The choice of the methods for the verification of soil and biochar C sequestration deserves careful consideration. There are wide range of techniques available but none of them is clearly superior (e.g., Hammes et al., 2007; Nayak et al., 2019). It would be beneficial to keep the methods (and if possible also devices) used for C determination the same throughout the monitoring period to ensure the comparability of data acquired at different points of time (Olson 2013). For routine analysis, elemental analyses via dry combustion has been proposed as the most suitable method for the measurement of total C content in soil: the equipment is widely available and the analysis is relatively cheap, but this method by itself does not provide separation of pyrogenic C fractions from other SOC fractions (FAO 2019).

The effects of biochars on native soil C (priming effect) over time are relevant to be considered as well. The priming effects can even have a larger impact on C sequestration potential than the direct effect of biochar addition, and first long-term field studies on the issue are promising (Weng et al., 2017; Blanco-Canqui et al., 2020). Namely, biochar addition has been found to enhance soil aggregation and hence, the retention of root-derived C by 20% in 10-year experiment in Australia (Weng et al., 2017) and in Midwestern United States, a SOC increase by twice the amount of biochar C applied was reported 6 years after biochar application (Blanco-Canqui et al., 2020). Thus, long-term experiments combined with repeated and representative soil sampling (including subsoil) are one way for the verification of biochar and SOC sequestration.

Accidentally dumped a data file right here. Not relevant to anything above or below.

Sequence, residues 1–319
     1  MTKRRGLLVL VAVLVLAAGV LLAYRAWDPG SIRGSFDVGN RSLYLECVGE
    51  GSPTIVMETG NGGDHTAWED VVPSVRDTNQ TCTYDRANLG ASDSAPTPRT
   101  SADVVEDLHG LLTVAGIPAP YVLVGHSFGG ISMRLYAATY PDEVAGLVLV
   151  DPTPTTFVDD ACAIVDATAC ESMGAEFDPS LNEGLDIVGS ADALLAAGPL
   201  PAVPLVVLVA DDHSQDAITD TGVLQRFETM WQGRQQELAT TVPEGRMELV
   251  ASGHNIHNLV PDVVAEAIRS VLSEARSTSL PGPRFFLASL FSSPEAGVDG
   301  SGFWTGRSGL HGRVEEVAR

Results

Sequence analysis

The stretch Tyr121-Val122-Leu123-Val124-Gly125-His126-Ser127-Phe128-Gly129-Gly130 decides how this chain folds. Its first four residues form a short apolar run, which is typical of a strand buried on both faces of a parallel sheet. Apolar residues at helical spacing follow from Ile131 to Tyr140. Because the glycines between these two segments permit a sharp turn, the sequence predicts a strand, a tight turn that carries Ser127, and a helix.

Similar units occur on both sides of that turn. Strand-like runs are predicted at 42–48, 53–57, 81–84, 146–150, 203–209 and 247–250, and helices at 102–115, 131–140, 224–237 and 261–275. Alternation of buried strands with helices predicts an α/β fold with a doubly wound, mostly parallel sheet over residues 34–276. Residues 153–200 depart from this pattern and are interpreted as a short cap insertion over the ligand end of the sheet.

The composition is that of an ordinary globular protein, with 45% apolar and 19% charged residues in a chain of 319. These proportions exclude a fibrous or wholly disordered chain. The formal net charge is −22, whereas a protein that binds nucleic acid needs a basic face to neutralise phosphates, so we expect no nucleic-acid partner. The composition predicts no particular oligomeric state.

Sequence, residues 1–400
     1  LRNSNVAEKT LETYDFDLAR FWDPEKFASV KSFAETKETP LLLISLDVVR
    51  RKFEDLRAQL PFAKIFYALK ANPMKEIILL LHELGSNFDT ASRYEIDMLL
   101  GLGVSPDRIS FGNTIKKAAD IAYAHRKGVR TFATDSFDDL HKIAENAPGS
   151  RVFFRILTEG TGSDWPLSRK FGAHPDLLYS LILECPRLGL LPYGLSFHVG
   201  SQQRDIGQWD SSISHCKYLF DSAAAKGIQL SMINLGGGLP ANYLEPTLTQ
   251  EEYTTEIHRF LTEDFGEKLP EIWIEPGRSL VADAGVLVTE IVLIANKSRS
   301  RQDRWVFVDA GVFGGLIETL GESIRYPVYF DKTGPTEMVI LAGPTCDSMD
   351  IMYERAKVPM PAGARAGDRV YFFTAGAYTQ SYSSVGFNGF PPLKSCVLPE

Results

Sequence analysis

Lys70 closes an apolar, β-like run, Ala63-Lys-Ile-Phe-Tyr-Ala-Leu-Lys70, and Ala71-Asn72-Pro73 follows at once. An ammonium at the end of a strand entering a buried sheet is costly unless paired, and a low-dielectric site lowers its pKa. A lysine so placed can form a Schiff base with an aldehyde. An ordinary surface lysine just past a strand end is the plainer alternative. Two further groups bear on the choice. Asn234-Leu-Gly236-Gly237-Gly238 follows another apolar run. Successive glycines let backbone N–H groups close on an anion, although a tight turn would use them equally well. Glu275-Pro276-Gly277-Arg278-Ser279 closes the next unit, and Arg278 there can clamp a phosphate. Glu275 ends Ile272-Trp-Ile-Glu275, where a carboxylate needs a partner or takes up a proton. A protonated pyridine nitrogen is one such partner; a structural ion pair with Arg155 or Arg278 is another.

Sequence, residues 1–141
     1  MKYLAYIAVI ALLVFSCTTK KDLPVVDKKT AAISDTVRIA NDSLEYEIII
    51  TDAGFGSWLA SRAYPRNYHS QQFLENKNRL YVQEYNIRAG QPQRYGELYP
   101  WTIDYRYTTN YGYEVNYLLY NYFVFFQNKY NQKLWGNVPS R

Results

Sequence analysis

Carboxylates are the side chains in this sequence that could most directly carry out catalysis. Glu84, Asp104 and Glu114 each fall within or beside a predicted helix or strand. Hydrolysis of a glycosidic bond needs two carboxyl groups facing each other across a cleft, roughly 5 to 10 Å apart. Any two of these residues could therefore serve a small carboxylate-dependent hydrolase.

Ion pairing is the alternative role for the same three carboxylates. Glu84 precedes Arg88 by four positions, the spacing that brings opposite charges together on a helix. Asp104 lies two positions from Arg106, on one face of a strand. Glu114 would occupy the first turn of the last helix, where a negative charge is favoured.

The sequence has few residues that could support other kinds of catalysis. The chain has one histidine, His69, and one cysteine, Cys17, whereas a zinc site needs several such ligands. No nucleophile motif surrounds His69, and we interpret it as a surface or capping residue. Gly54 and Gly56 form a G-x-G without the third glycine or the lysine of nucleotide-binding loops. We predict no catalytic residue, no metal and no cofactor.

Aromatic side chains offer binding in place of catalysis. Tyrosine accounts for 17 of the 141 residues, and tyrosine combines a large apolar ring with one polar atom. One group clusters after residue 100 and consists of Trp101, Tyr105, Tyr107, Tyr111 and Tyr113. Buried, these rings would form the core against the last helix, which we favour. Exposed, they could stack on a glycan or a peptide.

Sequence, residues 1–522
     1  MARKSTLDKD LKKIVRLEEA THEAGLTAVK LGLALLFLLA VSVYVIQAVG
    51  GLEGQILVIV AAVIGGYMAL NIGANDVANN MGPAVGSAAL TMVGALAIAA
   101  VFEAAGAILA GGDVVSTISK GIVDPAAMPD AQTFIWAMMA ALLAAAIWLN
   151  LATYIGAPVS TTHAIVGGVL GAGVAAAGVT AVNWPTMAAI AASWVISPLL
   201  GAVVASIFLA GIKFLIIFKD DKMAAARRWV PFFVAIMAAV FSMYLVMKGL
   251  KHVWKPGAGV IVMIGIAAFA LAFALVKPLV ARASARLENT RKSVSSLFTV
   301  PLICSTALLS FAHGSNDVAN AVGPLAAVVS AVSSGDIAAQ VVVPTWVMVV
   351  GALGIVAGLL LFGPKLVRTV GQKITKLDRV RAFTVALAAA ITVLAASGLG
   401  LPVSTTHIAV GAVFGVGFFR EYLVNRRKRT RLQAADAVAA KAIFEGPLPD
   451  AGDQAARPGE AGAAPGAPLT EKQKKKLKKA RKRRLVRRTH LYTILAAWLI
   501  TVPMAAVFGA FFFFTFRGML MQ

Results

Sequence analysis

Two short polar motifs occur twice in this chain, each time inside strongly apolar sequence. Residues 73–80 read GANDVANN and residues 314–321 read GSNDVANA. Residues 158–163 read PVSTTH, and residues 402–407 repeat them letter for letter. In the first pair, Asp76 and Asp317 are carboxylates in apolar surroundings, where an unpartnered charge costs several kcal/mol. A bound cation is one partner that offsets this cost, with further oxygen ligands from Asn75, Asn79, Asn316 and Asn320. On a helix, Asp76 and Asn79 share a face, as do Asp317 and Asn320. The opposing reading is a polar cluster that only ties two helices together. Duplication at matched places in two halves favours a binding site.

Nevertheless, since biochars degrade relatively slowly, estimating their degradation under the field conditions requires long timescales (Kuzyakov et al., 2014). Biochar particles are likely also eroded or leached (Obia et al., 2017), cases in which they may be lost from the analyses and calculations but not necessarily as CO2 to the atmosphere. Hence knowing the amount and longevity of the applied biochar (even by using proxies as H/Corg ratios) can be seen as even more important than quantifying the amount of biochar over time with sampling.